No two allergic reactions are ever the same, and they vary based on the severity of the allergy and the amount of allergen the person is exposed to. I guess they also vary from person to person as everybody’s allergy will be different. For example my brother, Allergy Boy, tends to have bad eczema after eating something he’s allergic to, whereas I tend to have a more anaphylactic style reaction (although once when he was a baby he touched a raw egg and swelled up like a red ballon. Not good).

Dust and pollen allergies usually affect the eyes and nose, and anyone that has suffered from hay fever will recognise the symptoms. Asthmatics may also get wheezy with these allergens, and may need to use their ventolin (blue) inhaler.

Allergies to animal fur and feathers can present themselves in a similar way to dust and pollen allergies, but they can also cause anaphylaxis. One of the most serious reactions I ever had was to dog fur one Halloween. I was at a house party when someone knocked a bowl of crisps onto the rug, where a very hairy dog had been sitting. I helped clean up, and almost immediately my throat started swelling, my nose began to run and I couldn’t breathe properly. My friends (still dressed in their Halloween costumes) took me to A&E where I was put on a trolley in the corridor and left there for four hours. By the time I finally saw somebody, most of the symptoms had died down. I think I finally got home at about 6am, and slept for the rest of the day.

Nearly every food allergy I’ve ever experienced has started with what I can only describe as a funny taste in my mouth. It’s like a tingling sensation that also tastes weird. As soon as I get this taste, I take an antihistamine tablet. Sometimes this will knock it on the head early and the taste will disappear with no other symptoms. If I haven’t got to it early enough or I’ve consumed too much of the allergen, the following will often happen:

  • Swelling/lumps in the throat
  • Runny nose and sneezing
  • Swelling of lips
  • Lumps under the skin, starting at the hairline and gradually spreading around my head. Sometimes I’ll also get these on my arms, back, stomach and chest.
  • Sore throat
  • Swollen face and eyes on very severe occasions.

Last night I had everything apart from the swollen face, although I did have lumps under my nose, which was fairly unpleasant.

When I have an allergic reaction I generally use cetirizine hydrochloride to treat it. I don’t know how many tablets should be taken as a recommended dose, but I ended up taking four yesterday. In addition I have Fexofenadine, a daily antihistamine, which can be taken at the same time as the cetirizine hydrochloride. I also carry an Epipen for very severe reactions. Luckily I’ve never had to take my Epipen, as usually the combination of antihistamines does the trick (which is good news, as all four of the Epipens I found in my handbags were out of date!). Apparently I should have taken the Epipen the night I ended up at A&E, but I was only told this when I finally got to see a doctor.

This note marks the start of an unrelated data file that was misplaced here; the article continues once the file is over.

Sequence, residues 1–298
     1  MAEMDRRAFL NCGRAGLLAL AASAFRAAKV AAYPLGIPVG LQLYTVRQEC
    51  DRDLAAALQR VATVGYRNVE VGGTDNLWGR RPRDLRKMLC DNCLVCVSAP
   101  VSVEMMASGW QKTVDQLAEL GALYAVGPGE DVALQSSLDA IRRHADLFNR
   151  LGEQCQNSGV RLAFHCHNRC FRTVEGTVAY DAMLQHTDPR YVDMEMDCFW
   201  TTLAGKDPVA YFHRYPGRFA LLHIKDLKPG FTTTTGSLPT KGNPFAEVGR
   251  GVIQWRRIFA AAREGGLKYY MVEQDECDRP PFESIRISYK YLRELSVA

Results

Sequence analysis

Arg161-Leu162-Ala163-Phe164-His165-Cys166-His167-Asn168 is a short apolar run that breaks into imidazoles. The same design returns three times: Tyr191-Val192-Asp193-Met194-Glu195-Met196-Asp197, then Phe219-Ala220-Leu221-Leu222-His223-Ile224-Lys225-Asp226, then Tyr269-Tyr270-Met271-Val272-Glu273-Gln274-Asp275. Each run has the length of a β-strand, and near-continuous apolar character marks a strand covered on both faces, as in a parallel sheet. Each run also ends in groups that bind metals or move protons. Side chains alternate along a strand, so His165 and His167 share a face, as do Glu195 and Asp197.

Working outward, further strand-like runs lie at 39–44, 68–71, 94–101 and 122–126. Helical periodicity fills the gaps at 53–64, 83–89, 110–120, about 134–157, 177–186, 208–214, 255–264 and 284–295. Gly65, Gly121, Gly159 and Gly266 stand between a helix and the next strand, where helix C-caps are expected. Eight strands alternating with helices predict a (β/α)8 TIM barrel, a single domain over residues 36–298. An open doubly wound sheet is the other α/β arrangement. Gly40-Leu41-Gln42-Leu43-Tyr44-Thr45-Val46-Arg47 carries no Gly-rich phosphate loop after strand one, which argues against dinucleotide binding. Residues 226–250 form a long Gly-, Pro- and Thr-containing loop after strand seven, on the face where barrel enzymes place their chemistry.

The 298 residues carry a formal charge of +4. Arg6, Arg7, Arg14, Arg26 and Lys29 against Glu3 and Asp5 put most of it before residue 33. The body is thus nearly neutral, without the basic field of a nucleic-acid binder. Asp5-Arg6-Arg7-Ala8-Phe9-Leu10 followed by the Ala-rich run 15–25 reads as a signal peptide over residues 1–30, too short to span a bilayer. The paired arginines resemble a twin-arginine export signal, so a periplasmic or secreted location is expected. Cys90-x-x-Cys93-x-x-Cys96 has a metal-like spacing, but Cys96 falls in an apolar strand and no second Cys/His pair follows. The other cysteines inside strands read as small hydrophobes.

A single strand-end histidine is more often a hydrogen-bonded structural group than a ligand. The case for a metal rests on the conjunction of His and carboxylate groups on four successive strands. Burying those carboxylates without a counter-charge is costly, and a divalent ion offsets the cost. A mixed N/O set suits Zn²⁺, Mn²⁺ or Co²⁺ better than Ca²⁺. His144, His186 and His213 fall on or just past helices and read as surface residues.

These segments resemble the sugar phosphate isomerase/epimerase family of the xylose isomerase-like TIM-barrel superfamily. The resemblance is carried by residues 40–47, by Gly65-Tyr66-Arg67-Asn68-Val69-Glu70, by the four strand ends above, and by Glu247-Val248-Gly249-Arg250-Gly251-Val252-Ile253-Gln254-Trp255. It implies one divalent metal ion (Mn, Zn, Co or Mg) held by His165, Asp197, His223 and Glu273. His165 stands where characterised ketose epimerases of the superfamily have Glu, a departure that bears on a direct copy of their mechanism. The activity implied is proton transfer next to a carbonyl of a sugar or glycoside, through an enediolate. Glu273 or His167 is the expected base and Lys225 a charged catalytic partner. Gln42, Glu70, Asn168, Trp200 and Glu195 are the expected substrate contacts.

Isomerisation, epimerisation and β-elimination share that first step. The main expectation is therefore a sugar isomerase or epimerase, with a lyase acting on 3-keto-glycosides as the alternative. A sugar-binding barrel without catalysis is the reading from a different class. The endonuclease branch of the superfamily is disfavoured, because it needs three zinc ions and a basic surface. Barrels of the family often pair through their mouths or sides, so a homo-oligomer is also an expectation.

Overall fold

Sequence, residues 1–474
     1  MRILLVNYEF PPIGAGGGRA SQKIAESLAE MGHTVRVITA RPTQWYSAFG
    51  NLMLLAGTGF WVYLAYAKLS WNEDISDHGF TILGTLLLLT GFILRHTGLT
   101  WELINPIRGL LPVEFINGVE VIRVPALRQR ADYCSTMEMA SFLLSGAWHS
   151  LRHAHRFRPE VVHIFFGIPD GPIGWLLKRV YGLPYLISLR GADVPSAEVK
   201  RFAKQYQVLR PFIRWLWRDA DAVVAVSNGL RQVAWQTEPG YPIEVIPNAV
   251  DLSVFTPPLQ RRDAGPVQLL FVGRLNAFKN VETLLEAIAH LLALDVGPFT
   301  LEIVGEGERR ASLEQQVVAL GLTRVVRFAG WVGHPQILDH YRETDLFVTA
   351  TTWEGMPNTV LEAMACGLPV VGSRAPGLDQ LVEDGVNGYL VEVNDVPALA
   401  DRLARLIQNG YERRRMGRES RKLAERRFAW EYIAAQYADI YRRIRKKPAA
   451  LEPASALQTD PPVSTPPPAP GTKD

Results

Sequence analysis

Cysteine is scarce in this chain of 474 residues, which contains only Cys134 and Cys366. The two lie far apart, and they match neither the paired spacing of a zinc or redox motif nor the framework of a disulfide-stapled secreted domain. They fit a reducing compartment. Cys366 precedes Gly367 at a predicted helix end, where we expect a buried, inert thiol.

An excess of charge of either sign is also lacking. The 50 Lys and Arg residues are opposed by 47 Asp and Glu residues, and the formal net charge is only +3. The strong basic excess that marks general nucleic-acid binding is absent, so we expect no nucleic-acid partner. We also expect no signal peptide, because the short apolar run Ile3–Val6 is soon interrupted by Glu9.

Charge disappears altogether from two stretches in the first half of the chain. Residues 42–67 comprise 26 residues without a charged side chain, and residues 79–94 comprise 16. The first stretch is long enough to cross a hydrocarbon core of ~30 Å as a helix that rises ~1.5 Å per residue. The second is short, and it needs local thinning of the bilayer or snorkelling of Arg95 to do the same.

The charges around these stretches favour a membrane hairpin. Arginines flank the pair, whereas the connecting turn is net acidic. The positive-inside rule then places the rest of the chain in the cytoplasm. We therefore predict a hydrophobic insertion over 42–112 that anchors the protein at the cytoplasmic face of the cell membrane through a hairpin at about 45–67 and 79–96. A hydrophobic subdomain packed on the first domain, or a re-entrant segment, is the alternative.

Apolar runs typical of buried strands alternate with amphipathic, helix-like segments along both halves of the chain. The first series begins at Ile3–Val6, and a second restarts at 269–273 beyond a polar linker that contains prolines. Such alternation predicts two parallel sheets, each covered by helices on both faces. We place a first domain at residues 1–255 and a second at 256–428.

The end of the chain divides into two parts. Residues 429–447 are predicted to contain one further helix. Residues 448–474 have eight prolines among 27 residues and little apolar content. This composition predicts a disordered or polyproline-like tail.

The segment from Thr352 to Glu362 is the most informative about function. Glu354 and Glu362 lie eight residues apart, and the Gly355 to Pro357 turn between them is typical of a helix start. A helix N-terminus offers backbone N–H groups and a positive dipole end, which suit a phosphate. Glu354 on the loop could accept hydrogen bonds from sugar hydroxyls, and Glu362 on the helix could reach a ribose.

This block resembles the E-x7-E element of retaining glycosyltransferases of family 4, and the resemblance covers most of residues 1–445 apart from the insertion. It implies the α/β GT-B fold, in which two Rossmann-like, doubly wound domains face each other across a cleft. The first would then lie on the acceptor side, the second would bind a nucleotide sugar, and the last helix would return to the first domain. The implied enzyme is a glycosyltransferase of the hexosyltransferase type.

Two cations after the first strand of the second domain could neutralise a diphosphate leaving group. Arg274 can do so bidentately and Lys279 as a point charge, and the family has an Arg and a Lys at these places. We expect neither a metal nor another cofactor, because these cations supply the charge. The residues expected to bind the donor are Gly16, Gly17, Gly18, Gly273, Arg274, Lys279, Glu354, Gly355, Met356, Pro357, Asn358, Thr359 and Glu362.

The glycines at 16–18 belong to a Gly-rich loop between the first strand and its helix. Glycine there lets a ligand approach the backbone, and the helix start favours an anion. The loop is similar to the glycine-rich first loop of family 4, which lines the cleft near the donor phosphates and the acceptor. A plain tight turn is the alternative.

In addition to medication, drinking lots of water can help flush it through. Sucking on ice lollies or ice cream can also help to soothe the soreness of the throat and reduce the swelling.

The day after an allergic reaction I often feel extremely wiped out. The allergic reaction attacks the body, so I sometimes have flu like aches and shivers and am drowsy from the antihistamine. If my throat has swollen during the reaction I will have a sore throat that sometimes lasts a couple of days.

Allergic reactions aren’t always visible to other people, so if someone tells you they’re having an allergic reaction, ask them what medication they have in their bag, find it for them if they need to you to and get them a glass of water. If they are having trouble breathing and they have an Epipen, use it. The instructions will be on the packaging, but it should be noted that once an Epipen has been administered to a person they should attend A&E. Allergic reactions can be deadly and can come on very quickly, so the most important thing is to act quickly and keep calm.

So, that’s what happens when I have a reaction, hopefully this might be of some use, but fingers crossed you’re never in the situation where you’re either having a reaction or with somebody that is.

Tried and tested: Swedish Glace Caramel Toffee Cones

Ok, so I promised I would review Swedish Glace’s new Caramel Toffee ice cream cones. Here goes ! (Any excuse to eat ice cream!!)

The recipe is dairy, nut and gluten free, but does contain soy.

As with the strawberry and vanilla cones, once removed from the wrapper, the ice cream looks just like the one in the picture.